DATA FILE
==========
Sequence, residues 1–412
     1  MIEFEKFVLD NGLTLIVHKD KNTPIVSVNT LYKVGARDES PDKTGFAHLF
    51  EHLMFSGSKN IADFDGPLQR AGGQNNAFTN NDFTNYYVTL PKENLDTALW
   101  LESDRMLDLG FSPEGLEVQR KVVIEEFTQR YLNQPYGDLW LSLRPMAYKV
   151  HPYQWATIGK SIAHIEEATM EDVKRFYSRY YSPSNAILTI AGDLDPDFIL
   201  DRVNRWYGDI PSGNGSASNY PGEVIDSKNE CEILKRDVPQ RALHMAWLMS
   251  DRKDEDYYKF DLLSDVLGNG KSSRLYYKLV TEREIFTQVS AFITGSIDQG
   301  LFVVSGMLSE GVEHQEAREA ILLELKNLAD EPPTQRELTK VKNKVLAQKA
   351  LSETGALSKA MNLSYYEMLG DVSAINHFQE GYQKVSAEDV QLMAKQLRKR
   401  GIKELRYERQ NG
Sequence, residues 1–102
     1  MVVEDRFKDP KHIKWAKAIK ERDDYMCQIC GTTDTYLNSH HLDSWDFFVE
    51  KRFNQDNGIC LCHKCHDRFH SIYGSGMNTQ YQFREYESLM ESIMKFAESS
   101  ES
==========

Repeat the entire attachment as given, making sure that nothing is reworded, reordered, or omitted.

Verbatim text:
Sequence, residues 1–412
     1  MIEFEKFVLD NGLTLIVHKD KNTPIVSVNT LYKVGARDES PDKTGFAHLF
    51  EHLMFSGSKN IADFDGPLQR AGGQNNAFTN NDFTNYYVTL PKENLDTALW
   101  LESDRMLDLG FSPEGLEVQR KVVIEEFTQR YLNQPYGDLW LSLRPMAYKV
   151  HPYQWATIGK SIAHIEEATM EDVKRFYSRY YSPSNAILTI AGDLDPDFIL
   201  DRVNRWYGDI PSGNGSASNY PGEVIDSKNE CEILKRDVPQ RALHMAWLMS
   251  DRKDEDYYKF DLLSDVLGNG KSSRLYYKLV TEREIFTQVS AFITGSIDQG
   301  LFVVSGMLSE GVEHQEAREA ILLELKNLAD EPPTQRELTK VKNKVLAQKA
   351  LSETGALSKA MNLSYYEMLG DVSAINHFQE GYQKVSAEDV QLMAKQLRKR
   401  GIKELRYERQ NG
Sequence, residues 1–102
     1  MVVEDRFKDP KHIKWAKAIK ERDDYMCQIC GTTDTYLNSH HLDSWDFFVE
    51  KRFNQDNGIC LCHKCHDRFH SIYGSGMNTQ YQFREYESLM ESIMKFAESS
   101  ES